One of the best things I did in 2014 was to invest in my personal development by taking part in Entrevo’s KPI Coaching Program: a 40 week program aimed at entrepreneurs looking to become a Key Person of Influence (KPI) in their field. The final module, Partnership, taught by Julia Langkraehr had a lot of thought triggering sentiments. There were many things I loved about the session but in the top 3 were the things she said about having an abundance mindset.
In order to succeed in life you have to partner with people; it’s the only way if you want to succeed in a big way. The reason many don’t partner with others is that they are fearful of sharing and falsely believe that by sharing there will be less for them. This zero-sum-game philosophy can be eliminated in many ways:
In order to rise, lots of of people think they need to push others down. This is not just down to individuals but also big corporates and politicians. Instead of just highlighting their pros against the competition some take it a step too far and use underhand tactics to sabotage the competition – that’s a scarcity mindset.
Anyhow, this discussion got me thinking about my high school days back in Malawi. I distinctly remember having the belief that I was only a great student if I had all the same resources as everyone else and still did better. Due to this point of view I made it a point to help anyone with their work if they asked.
Unfortunately, I was also acutely aware that some of my peers hated the fact that I did well and were not beyond sabotaging me. To protect myself I used to keep my folders in my locker instead of my food and clothes! The only thing that was worth protecting in my opinion was my school notes; everything else was replaceable – no one wants to get to exam week and find that their notes have been stolen.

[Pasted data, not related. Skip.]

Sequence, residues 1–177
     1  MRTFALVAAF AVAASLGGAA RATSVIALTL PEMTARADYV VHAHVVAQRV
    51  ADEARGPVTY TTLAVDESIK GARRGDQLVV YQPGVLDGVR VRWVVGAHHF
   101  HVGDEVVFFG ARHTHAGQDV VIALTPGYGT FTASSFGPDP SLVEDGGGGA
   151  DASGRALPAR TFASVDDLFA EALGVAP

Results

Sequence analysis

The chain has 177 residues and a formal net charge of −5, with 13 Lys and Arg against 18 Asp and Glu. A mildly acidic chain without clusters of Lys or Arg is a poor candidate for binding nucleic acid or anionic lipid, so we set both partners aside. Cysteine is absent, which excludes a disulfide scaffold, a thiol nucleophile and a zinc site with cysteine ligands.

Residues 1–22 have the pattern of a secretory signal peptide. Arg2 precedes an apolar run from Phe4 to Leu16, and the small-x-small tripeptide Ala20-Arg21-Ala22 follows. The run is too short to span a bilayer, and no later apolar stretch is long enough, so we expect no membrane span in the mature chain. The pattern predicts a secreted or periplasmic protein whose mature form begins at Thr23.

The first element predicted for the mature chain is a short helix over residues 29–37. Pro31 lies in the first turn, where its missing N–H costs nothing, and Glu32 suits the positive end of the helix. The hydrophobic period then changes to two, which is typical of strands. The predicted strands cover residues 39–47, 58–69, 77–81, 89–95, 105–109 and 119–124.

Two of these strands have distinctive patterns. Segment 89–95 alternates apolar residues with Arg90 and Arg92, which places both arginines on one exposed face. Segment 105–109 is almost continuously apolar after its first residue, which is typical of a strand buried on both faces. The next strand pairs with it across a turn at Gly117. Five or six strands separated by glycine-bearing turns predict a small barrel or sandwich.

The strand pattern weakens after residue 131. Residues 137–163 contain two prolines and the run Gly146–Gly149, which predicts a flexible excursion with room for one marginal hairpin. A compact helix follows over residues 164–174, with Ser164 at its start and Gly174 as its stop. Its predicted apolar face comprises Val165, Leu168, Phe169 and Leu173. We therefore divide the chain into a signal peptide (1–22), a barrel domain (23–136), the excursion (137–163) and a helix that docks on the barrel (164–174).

One thing teenagers don’t realize when they say cruel things to each other is that the things they say are remembered for a lifetime. The night before my final Further Maths A-level exam I recall lamenting in trepidation to one of my fellow A-level students. I was the only Further Maths student. The class had started off with 3 people but the other 2 had dropped out because they thought it was too hard.
When all was said and done I got a grade B in Further Maths and 3 As in Maths, Biology and Chemistry. It was reported to me that the exact person who knew how nervous I was about the exam said, “It’s good she got a B in Further Maths, she was overconfident.”
I always had an inkling that this person did not wish me well despite any help I gave to her. This one statement confirmed her character to me and well over a decade later I know I can never trust her. (And confirms that I do hold a grudge!) She very unfortunately has a scarcity mindset. Her smile is but a veneer. To work with her would mean I would have to be wary.
In addition to having an abundance mindset yourself, surround yourself with people who think in the same way. Two heads really are better than one but they have to be the correct two heads.
When you start out in business, look out for people you can partner with. Importantly, don’t be overambitious – if you have no email list and a very small social media following don’t get disappointed when those that have worked for ages to develop their own following ignore you when try to partner with them. You have to have something to bring to the partnership. If you have a great brand or a great product you can offer that.
Growth takes a significant amount of hard work and time but eventually that hard work does pay off and the partnerships you attract because of it get better and better.
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Heather on Wealth
I enjoy helping people think through their personal finances and blog about that here. Join my personal finance community at The Money Spot™.